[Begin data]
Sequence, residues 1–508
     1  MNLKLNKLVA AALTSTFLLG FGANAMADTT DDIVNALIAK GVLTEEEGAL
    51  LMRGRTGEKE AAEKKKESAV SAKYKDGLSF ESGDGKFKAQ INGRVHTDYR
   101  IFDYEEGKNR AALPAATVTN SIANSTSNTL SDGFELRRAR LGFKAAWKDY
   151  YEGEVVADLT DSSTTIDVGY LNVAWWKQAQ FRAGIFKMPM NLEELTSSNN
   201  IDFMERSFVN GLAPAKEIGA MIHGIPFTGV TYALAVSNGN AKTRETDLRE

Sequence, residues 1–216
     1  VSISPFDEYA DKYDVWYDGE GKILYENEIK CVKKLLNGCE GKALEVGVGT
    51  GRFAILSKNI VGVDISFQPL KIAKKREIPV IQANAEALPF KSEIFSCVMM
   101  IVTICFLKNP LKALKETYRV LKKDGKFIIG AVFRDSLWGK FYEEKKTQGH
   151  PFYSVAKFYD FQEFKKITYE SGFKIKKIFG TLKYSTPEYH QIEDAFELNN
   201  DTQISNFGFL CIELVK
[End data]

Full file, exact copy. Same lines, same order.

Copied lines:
Sequence, residues 1–508
     1  MNLKLNKLVA AALTSTFLLG FGANAMADTT DDIVNALIAK GVLTEEEGAL
    51  LMRGRTGEKE AAEKKKESAV SAKYKDGLSF ESGDGKFKAQ INGRVHTDYR
   101  IFDYEEGKNR AALPAATVTN SIANSTSNTL SDGFELRRAR LGFKAAWKDY
   151  YEGEVVADLT DSSTTIDVGY LNVAWWKQAQ FRAGIFKMPM NLEELTSSNN
   201  IDFMERSFVN GLAPAKEIGA MIHGIPFTGV TYALAVSNGN AKTRETDLRE

Sequence, residues 1–216
     1  VSISPFDEYA DKYDVWYDGE GKILYENEIK CVKKLLNGCE GKALEVGVGT
    51  GRFAILSKNI VGVDISFQPL KIAKKREIPV IQANAEALPF KSEIFSCVMM
   101  IVTICFLKNP LKALKETYRV LKKDGKFIIG AVFRDSLWGK FYEEKKTQGH
   151  PFYSVAKFYD FQEFKKITYE SGFKIKKIFG TLKYSTPEYH QIEDAFELNN
   201  DTQISNFGFL CIELVK